The politics of immigration reform in the United States are principally about big things and decades long time horizons: human rights, economic competitiveness, nationalism and the viability of the Democratic and Republican voting coalitions.
But they’re also about the country’s demographics — and thus its fiscal health. Given how completely the federal budget has dominated national politics for the past two years, it’s worth examining what impact comprehensive immigration reform would have on the country’s finances. After all, if immigration reform would reduce deficits, then the very scolds who have identified the national debt as the most urgent matter facing the country will have at least one good reason to support it.
A quick look back at recent scholarship and previous comprehensive immigration proposals — broadly similar to the framework the Gang of Eight has agreed to — suggests reform will strengthen some of the country’s most popular social programs, and, depending upon how it’s devised and implemented over time, might even reduce deficits over the coming decade.
Take the immigration reform bill Congress considered in 2007. According to the Congressional Budget Office, it would have increased spending on social programs by about $22.7 billion over 10 years. But CBO, along with the Joint Committee on Taxation, also estimated that it would increase revenues by $48.3 billion during the same period.
So the population changes the immigration reform itself would have triggered in 2007 would have reduced deficits by $25.6 billion.
That analysis excludes the expected implementation cost of the reforms, which were not included in the reform bill itself but were left to future Congresses to appropriate. As the Center on Budget and Policy Priorities noted in 2007, the cost of implementing the bill was expected to run about $43.4 billion over 10 years, costs Congress would have had to approve through the annual appropriations process. Assuming those expenditures would have been added to overall discretionary spending levels — that Congress wouldn’t have reduced spending elsewhere in the government to keep overall discretionary spending from rising as a result of comprehensive immigration reform — immigration reform would have been a net deficit increaser.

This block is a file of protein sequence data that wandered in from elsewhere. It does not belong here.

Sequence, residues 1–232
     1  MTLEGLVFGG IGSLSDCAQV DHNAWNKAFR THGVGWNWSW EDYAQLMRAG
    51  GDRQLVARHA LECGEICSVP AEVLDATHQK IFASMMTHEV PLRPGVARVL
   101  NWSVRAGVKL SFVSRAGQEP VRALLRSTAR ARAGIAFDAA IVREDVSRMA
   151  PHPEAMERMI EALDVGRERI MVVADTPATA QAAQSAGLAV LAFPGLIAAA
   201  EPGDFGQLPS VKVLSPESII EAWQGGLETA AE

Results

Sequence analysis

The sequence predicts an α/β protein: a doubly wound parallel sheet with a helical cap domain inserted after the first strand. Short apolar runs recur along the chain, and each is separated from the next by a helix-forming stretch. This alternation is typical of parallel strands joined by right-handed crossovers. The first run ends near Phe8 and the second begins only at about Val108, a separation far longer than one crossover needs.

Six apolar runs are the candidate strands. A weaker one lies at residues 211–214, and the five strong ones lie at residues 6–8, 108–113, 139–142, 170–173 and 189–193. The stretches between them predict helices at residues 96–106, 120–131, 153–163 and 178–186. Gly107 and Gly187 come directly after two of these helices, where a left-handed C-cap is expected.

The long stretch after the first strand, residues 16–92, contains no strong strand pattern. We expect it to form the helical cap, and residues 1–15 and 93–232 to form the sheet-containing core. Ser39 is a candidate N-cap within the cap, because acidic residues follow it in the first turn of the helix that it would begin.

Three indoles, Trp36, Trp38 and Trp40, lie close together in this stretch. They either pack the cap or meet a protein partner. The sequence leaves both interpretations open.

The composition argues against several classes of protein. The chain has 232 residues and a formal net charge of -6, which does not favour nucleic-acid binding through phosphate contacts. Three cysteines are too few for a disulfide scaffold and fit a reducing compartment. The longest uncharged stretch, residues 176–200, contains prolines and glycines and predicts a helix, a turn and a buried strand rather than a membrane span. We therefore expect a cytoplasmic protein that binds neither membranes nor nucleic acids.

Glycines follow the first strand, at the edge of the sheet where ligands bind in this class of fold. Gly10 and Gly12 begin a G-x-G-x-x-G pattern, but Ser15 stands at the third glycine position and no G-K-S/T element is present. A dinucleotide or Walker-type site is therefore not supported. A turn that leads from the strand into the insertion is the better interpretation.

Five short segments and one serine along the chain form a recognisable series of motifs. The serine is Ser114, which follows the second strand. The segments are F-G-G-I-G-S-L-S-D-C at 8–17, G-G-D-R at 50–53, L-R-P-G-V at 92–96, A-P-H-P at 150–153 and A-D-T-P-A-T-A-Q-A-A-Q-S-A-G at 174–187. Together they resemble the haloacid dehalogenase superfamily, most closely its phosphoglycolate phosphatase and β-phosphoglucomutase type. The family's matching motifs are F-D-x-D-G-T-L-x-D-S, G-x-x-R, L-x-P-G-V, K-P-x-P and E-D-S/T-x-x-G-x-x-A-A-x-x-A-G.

But times have changed since 2007. In 2011, Congress passed legislation imposing caps on annual appropriations for the ensuing 10 years. The implementation costs of comprehensive immigration reform in 2013 will likely have to be squeezed into a fixed discretionary budget — not added to it. In other words, those additional expenditures will have to be offset somewhere else.
A critical point here is that both in 2007 and now, reform proponents realize there’s no political upside to a reform proposal that increases the deficit. As the 2007 experience suggests, if legislators want immigration reform to score as a deficit reducer, they’ll be able to write it such that it will.
The 2013 version of reform contains provisions that would undoubtedly increase government revenue. For instance, the Gang of Eight framework insists that “[c]urrent restrictions preventing non-immigrants from accessing federal public benefits will also apply to lawful probationary immigrants” — the status that will be provided to immigrants between passage of the law and their eventual “pathway to citizenship.” But in order to earn probationary legal status, immigrants will have to pay back taxes, and once they’re granted probationary legal status, they’ll have to pay taxes, even though they remain ineligible for benefits.
Moreover, past immigration reform efforts would have likely strengthened Social Security. CBO concluded that if the 2006 comprehensive immigration reform bill had passed, the program’s “finances [would have] generally improved because additional revenues are collected before new benefit payments are made.” Immigration reform thus helps improve the demographic imbalance that deficit hawks warn will make the program’s existing financing and benefit formulas unsustainable.
There are other budgetary and economic benefits as well. In a 2010 report for the liberal Center for American Progress, Raúl Hinojosa-Ojeda concluded (PDF) that comprehensive immigration reform would boost GDP by 0.84 percent — about $1.5 trillion over 10 years.
Additionally, the report finds, “The real wages of newly legalized workers increase by roughly $4,405 per year among those in less-skilled jobs during the first three years of implementation, and $6,185 per year for those in higher-skilled jobs,” according to CAP’s model. “The higher earning power of newly legalized workers translates into an increase in net personal income of $30 to $36 billion, which would generate $4.5 to $5.4 billion in additional net tax revenue.”
There are some important unknowns, though. One stems from the fact that the government is in the process of implementing the Affordable Care Act — a law that will provide people granted citizenship or green cards under immigration reform new benefits, but few financing obligations. It’s much too early to say what the budgetary implications of these new ACA beneficiaries will be. But, again, those benefits won’t begin flowing until the long probationary period is over.
Using sleight of hand designed to make comprehensive immigration reform appear to be a budget buster, conservative critics warn that amnesty will increase government spending. This is true — making more people eligible for federal benefits increases government spending. But it ignores the revenue half of the equation and thus elides the likelihood that immigration will actually be narrowly beneficial to the country’s fiscal health.
Brian Beutler is TPM's senior congressional reporter. Since 2009, he's led coverage of health care reform, Wall Street reform, taxes, the GOP budget, the government shutdown fight, and the debt limit fight. He can be reached at firstname.lastname@example.org.